SAN JUAN, Puerto Rico – Hundreds of foreign detainees suspected of terrorist ties may soon get their first formal opportunity to argue for their release as the U.S. military prepares to begin reviewing their cases.
Military officials say the hearings, in each case to be conducted before a panel of three officers at the base in Guantanamo Bay (search), Cuba, where the suspects are detained, could begin as soon as Friday.
The military says the tribunals will be neutral and each detainee will be assigned an officer to represent him.
Human rights lawyers dismiss the process as a sham, saying that as members of the military, the officers can't be considered impartial.
Nearly 600 men from more than 40 countries are being held at Guantanamo, some for more than two years. With few exceptions, they have not been allowed to consult lawyers. Most have had no contact with the outside world apart from letters from home, which are subject to censor.
The military announced it would review the cases after the Supreme Court ruled June 28 that the suspects have a right to challenge their detention before American civilian courts.
Human rights lawyers have since filed lawsuits for dozens of detainees in U.S. federal court. The most recent, for three detainees from Bahrain, was filed Thursday in Washington, said New York lawyer Joshua Colangelo-Bryan.
The Pentagon says the panels are a way of preparing for court challenges and are separate from military tribunals to try detainees.
Detainees get a chance to challenge their U.S.-designated status as "enemy combatants (search)," for example by presenting written statements from witnesses. But any incriminating information a prisoner might provide to his representative could be used in a tribunal.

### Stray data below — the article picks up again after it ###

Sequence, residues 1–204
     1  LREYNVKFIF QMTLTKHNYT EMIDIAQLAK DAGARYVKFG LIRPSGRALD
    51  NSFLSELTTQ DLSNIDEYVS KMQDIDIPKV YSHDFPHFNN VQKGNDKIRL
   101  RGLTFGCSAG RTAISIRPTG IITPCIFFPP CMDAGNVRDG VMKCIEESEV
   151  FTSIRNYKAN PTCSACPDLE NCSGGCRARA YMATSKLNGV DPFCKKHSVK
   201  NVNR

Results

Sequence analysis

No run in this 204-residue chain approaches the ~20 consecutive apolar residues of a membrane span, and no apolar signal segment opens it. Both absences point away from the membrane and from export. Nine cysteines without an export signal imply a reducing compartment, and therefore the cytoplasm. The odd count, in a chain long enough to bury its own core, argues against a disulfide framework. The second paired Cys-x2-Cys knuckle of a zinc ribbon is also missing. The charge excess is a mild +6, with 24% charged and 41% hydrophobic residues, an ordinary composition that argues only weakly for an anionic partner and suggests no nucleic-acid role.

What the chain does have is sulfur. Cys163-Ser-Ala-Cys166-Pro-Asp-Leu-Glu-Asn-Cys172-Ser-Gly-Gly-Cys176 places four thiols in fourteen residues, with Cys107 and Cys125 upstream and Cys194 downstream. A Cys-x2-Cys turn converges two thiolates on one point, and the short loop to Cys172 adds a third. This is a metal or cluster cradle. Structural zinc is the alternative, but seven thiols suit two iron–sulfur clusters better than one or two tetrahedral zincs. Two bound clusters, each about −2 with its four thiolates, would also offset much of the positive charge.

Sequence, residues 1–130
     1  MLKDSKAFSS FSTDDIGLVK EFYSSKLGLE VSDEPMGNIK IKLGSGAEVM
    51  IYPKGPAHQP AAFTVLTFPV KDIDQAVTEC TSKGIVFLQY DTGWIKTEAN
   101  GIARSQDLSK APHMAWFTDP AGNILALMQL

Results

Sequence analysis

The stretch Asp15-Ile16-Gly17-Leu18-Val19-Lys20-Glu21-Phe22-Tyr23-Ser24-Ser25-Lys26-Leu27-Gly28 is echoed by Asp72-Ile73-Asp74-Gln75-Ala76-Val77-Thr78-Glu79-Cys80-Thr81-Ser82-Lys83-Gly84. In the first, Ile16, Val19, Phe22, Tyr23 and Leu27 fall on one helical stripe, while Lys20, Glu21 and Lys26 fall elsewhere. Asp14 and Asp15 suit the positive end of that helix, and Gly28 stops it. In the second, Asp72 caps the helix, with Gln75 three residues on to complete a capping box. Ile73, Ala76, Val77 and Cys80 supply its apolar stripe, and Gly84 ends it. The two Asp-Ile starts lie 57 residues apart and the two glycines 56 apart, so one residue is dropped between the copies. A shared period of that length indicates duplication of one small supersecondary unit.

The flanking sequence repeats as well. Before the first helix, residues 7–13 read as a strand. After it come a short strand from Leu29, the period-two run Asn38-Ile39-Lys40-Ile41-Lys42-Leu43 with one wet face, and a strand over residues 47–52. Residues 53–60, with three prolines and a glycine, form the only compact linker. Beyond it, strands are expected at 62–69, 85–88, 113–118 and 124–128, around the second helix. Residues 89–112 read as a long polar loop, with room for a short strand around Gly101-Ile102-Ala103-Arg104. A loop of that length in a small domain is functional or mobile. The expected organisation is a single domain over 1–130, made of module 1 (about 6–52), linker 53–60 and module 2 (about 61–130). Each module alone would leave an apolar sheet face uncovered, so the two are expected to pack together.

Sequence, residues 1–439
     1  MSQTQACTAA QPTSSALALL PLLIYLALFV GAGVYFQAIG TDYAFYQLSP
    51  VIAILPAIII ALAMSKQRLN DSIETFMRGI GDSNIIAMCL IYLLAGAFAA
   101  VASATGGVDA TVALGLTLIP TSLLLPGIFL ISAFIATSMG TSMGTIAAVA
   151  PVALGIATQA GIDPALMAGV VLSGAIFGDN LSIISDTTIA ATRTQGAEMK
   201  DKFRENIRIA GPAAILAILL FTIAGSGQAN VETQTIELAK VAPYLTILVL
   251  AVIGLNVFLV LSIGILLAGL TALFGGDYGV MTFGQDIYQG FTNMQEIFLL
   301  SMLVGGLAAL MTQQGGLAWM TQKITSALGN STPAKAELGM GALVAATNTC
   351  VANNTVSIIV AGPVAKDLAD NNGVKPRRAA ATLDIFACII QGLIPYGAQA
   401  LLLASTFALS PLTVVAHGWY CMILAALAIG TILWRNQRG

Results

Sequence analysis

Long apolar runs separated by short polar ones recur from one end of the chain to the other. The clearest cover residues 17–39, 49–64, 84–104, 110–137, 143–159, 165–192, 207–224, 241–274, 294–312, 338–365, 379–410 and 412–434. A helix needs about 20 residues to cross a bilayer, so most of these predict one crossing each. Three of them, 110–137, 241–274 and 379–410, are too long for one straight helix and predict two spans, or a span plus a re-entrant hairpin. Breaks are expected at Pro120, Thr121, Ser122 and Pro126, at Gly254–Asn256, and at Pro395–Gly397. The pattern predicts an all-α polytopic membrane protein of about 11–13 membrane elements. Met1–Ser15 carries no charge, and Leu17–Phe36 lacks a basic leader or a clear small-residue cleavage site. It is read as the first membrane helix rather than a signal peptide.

So far only four detainees have been charged, and the U.S. government has designated a total of 15 as eligible for trial. It's unclear how soon those trials could begin.
Navy Secretary Gordon England (search) has said the review panels could finish their work within four months.
Human Rights Watch said the creation of the panels shows the Pentagon is struggling to keep control over detainees.
"What we object to most is that they're starting with a presumption that they are enemy combatants," said Jamie Fellner, director of the group's U.S. program. "A process similar to this was what was called for two-and-a-half years ago ... when these guys were captured."
The Pentagon defines an "enemy combatant" as "an individual who was part of or supporting Taliban or Al Qaeda forces, or associated forces engaged in hostilities against the United States or its coalition partners." The military says all the detainees are suspected of links to Al Qaeda or Afghanistan's defeated Taliban regime.
Fellner said Human Rights Watch (search) has received authorization to attend tribunals, and it also will ask to attend the review panels.
The hearings are to be open to the media, but England said the first ones probably would be closed due to logistical difficulties.
Fellner said it's important all hearings be open to public scrutiny. "Justice can't be done behind closed doors," she said.
The International Committee of the Red Cross, the only independent organization allowed to monitor the detention operation, has not said whether it will send a representative to the panels.
England has said the names of those who appear before the panels probably will not be made public.